The Court has applied this principle to limit the ways in which governments can provide public campaign funding to candidates in elections. A notable example is the Court’s decision to strike down matching funds provisions of public funding programs (Arizona Free Enterprise Club’s Freedom Club PAC v. Bennett, 2011). In this paper, we develop a contest-theoretic model of elections in which we analyze the effects of public campaign funding mechanisms, including a simple public option and a public option with matching funds, on program participation, political speech, and election outcomes.

We show that a public option with matching funds is equivalent to a simple public option with a lump-sum transfer equal to the maximum level of funding under the matching program; that a public option does not always “level the playing field” but may make it more uneven and can decrease as well as increase the quantity of political speech by all candidates, depending on the maximum public funding level; and that a public option tends to increase speech in cases where it levels the playing field.

Several of the Supreme Court’s arguments in Arizona Free Enterprise are discussed in light of our theoretical results.

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WyLiberty Attorneys File Brief in Wisconsin Free Speech/Campaign Finance Case

Wyoming Liberty Group attorneys filed an amicus curiae (friend-of-the-court) brief in the Wisconsin Supreme Court today in Three Unnamed Petitioners v. Peterson, a case consolidated with two others in what has become known as the “Wisconsin John Doe Investigation.” The prosecution in each case alleges illegal campaign finance coordination between political groups and ostensibly members of Wisconsin Governor Scott Walker’s campaign. WyLiberty’s brief argues that Wisconsin law governing coordination is unconstitutionally overbroad, and the latest effort to criminalize political participation.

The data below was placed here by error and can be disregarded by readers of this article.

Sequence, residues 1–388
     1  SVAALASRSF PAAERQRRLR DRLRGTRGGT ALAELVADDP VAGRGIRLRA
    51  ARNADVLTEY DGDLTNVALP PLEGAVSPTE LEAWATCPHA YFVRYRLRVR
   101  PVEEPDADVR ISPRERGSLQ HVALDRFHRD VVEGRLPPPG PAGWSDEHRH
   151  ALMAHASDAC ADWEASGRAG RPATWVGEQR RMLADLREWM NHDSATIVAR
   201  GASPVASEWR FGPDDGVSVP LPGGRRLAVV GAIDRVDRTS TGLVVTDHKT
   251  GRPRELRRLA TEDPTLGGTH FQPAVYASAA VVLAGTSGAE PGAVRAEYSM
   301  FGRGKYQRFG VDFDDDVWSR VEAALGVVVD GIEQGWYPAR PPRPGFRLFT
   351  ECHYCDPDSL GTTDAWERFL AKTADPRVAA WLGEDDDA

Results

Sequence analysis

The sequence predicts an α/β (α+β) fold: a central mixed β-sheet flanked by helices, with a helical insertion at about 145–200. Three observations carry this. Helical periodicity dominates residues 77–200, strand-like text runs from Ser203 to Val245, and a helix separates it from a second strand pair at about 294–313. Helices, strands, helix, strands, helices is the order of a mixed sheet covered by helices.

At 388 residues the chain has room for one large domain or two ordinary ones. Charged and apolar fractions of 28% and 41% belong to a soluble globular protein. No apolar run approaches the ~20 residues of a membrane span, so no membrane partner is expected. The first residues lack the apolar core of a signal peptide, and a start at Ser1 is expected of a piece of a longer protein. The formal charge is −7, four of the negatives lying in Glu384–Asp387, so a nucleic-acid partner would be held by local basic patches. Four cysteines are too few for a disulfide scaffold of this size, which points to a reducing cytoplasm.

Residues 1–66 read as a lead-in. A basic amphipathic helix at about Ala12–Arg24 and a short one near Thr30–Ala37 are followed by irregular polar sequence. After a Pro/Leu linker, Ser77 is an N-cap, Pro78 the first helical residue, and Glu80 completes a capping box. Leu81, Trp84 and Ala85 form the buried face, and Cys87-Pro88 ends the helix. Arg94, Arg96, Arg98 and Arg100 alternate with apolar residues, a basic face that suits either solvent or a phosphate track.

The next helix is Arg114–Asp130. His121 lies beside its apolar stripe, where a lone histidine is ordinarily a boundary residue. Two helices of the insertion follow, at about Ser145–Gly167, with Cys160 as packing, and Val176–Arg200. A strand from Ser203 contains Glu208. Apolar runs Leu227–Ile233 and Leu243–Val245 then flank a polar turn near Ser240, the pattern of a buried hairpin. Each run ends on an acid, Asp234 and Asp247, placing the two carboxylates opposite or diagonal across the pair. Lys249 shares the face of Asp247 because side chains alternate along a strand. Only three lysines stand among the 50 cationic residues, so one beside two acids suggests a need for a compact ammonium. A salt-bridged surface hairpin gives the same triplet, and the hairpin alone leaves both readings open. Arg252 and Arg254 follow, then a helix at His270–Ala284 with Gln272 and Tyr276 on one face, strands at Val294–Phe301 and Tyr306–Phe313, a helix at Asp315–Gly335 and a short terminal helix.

“The law requires Wisconsin citizens to swear they are not coordinating with candidates or campaigns before they speak out about political issues,” said Ben Barr, lead counsel to WyLiberty. “But ‘coordination’ under the state’s law includes everything from speaking out while working on a campaign or speaking out after discussing issues with a candidate. Basically, Wisconsin threatens what most Americans consider honest civic engagement.”

In the celebrated Citizens United case in 2010, the U.S. Supreme Court ruled that government could not place limits on “independent expenditures”—speech that calls for the election or defeat of candidates—by corporations and unions. However, messages that are coordinated with campaigns are considered contributions to campaigns, and may be regulated.

“With caps lifted on how much people can speak out, Wisconsin prosecutors are now bent on re-defining as many forms of communication as they can into contributions, which can still be limited,” said Steve Klein, WyLiberty staff attorney. “They’re ignoring the Supreme Court’s broad rulings for free speech and cases that have specifically narrowed what constitutes coordination. This case is but another attempt to make an end-run around free speech, and like every other effort it should fail.”

Founded in 2008, the Wyoming Liberty Group has directly represented clients in numerous free speech cases and has weighed in as a friend-of-the-court in free speech cases nationwide. Late last year, its efforts played an instrumental role in overturning the conviction of Tom DeLay for money laundering in Texas.

Diverse Coalition Urges Congress to Pass the Democracy Restoration Act